Friday, 21 October 2016

Adventures in Chemical Computing

On the evening of 20 October RSC Belgium members and friends welcomed our immediate past RSC president, Prof Dominic Tildesley to the British School of Brussels to talk to us about his chemical career and give us some insights on what the future holds for chemistry and computing. He also was able to present 'gold' RSC badges to three long term members of the society.

Prof Dominic Tildesley’s deep interest in computing, and software in particular, began in the summer of 1973. As a young undergraduate chemist at the end of his second year, he had the opportunity to take a summer job at IBM Hursley Park. Here he learnt to programme in their Development Laboratory and this experience captivated him and convinced him to take a PhD at Oxford University that would combine chemistry and his newfound appreciation of the computer.

In the 70s this involved a trek from the Chemistry Department to the Computing Centre in Oxford carrying a box of 500 punched cards as input for a 20 minute of run time overnight – and this was the state-of-the-art!

Following his doctorate Dominic went on to undertake postdoctoral research at Penn State and Cornell universities in the US before returning to the University of Southampton as a lecturer and then Professor of Theoretical Chemistry. He moved to Imperial College London in 1996 as Professor of Computational Chemistry.

Unusually Dominic then began an industrial career when in 1998 he took the role of Head of the Physical Science Group at Unilever Research at Port Sunlight. He remained there until 2012 when he was appointed Director of the European Centre for Atomic and Molecular Computation at the Ecole Polytechnique Federale de Lausanne in Switzerland.

Modelling first
Dominic was elected President of the Royal Society of Chemistry in 2014. In his inaugural speech as President he suggested that:
"the speed and development of computers is now so rapid, and the advances in modelling and informatics are so dramatic that in 15 years’ time, no chemist will be doing any experiment at the bench without trying to model it first."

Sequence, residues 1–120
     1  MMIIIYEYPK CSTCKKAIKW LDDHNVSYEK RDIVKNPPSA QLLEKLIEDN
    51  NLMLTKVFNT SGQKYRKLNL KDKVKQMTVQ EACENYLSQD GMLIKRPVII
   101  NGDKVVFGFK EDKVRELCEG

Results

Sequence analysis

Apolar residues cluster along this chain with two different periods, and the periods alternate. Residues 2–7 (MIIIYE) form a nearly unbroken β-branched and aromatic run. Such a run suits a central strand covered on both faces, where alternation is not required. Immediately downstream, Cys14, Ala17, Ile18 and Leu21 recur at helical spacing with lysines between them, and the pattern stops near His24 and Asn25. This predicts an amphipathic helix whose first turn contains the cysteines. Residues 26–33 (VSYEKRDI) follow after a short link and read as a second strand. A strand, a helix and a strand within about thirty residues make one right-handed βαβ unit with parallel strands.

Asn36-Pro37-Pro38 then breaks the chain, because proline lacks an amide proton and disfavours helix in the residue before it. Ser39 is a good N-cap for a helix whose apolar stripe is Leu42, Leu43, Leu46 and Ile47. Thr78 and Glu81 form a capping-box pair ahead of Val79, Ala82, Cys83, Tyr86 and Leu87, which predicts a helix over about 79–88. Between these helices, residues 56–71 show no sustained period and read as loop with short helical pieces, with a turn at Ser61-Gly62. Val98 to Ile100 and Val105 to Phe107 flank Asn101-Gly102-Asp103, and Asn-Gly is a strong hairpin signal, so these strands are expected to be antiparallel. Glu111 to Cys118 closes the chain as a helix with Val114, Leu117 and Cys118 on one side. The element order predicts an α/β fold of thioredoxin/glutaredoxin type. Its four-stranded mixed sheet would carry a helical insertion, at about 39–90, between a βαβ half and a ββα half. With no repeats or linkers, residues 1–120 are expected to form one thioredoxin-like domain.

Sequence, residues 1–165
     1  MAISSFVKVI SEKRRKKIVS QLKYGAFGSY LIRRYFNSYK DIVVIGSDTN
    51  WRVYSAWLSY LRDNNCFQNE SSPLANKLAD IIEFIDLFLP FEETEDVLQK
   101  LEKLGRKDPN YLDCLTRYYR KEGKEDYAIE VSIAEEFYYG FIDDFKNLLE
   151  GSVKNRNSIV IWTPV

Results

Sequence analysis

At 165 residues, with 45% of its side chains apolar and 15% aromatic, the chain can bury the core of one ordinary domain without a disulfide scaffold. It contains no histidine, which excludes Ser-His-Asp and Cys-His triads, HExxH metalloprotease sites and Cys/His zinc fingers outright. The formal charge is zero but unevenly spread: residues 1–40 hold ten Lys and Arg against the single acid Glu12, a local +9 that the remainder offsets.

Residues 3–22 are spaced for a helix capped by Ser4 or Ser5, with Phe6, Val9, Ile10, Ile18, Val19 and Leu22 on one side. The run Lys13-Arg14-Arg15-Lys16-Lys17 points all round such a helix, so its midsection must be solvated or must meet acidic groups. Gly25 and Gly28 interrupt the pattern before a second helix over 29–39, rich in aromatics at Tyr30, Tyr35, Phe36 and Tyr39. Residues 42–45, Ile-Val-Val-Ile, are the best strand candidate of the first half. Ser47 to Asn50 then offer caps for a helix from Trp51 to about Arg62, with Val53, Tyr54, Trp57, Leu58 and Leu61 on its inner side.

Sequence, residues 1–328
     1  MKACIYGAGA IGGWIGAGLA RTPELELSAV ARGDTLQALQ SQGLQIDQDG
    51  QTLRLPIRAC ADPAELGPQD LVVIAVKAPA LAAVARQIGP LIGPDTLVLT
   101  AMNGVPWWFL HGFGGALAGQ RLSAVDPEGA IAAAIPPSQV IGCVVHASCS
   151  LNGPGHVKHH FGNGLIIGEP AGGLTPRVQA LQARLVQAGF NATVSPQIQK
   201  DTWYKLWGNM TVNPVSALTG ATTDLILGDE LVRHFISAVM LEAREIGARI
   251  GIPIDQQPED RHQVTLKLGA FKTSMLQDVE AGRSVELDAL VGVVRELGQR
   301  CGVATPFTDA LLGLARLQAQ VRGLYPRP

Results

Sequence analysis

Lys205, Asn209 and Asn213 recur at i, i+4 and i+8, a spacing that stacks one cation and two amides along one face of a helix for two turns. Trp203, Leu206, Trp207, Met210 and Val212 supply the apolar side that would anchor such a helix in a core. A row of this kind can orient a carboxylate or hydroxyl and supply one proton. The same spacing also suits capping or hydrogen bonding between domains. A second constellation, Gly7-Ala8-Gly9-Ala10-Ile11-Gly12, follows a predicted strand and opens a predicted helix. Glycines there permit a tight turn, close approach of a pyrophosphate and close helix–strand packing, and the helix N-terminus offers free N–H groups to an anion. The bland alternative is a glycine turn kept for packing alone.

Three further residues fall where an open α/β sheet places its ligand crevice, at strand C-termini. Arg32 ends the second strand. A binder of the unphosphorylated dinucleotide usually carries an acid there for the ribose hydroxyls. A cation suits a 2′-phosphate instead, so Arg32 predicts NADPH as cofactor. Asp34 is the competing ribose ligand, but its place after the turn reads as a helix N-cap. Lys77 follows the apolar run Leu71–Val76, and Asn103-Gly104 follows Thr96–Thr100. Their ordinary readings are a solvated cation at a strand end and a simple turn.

The main part of Dominic's talk took us through his reasoning behind that statement that is based on four pieces of evidence he has observed over his career.
  1. The massive (continuing) increase in the power of computing - he has seen a 1011 increase in computational power and a corresponding increase in storage in his time. As an interesting aside Dominic said that a current top-end petaflop computer (a petaflop is a unit of computing speed equal to one thousand million (1015) floating-point operations per second) needs a 10MW power supply!
  2. The imagination of theorists has brought forth significant methodological breakthroughs (such as computations of force fields) realised through robust software applications.
  3. Big data trumps the Hamiltonian equation by which he meant the new paradigm of machine learning and the use of data models to capture trends in experimental and simulated output.
  4. The involvement of industry and their hunger to use these computational methods as a tool for economic growth.
Dominic believes that despite the fact that chemistry is essentially and absolutely an experimental science, from this point forward, it will always be decorated and enhanced by modelling. And following his talk I think his audience at BSB now believes it too.

Gold membership
Before the talk Dominic presented 'gold' membership badges to three long-time RSC members: Brian Sutcliffe (pictured on right below), John Swift (on left below) and Rita Woodward.

Gold badges signify over 40 years membership of the Royal Society of Chemistry. Congratulations to our recipients!

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